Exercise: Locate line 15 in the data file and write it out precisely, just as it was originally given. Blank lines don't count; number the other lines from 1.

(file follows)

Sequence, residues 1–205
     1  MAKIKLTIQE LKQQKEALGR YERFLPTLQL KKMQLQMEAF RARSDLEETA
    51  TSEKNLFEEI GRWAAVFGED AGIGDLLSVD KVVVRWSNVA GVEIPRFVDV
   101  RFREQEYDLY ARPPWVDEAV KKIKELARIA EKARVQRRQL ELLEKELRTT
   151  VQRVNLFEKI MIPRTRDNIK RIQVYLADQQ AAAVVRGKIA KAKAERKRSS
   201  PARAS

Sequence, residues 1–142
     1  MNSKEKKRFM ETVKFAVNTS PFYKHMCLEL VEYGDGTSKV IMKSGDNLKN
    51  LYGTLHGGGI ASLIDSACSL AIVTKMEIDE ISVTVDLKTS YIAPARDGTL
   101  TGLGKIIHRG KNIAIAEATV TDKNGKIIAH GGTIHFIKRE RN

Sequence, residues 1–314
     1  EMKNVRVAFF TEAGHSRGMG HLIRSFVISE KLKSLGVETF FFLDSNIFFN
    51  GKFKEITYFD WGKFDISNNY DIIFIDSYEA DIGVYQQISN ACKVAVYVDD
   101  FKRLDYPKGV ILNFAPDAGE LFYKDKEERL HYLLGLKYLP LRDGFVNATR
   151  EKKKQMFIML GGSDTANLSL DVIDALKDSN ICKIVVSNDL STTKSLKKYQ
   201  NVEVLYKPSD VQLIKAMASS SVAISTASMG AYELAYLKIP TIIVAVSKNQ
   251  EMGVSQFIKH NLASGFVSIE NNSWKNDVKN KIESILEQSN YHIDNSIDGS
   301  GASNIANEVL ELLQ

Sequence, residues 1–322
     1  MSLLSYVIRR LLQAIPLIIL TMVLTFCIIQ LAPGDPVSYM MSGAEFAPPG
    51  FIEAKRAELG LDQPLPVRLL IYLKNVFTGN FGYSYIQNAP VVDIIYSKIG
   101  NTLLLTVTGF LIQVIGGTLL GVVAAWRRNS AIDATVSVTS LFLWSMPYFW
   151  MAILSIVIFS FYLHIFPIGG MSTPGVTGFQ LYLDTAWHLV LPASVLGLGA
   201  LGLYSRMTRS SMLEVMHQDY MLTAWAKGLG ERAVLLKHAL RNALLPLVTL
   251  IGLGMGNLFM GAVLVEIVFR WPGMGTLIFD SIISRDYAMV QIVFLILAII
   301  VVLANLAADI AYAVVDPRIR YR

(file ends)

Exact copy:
   151  EKKKQMFIML GGSDTANLSL DVIDALKDSN ICKIVVSNDL STTKSLKKYQ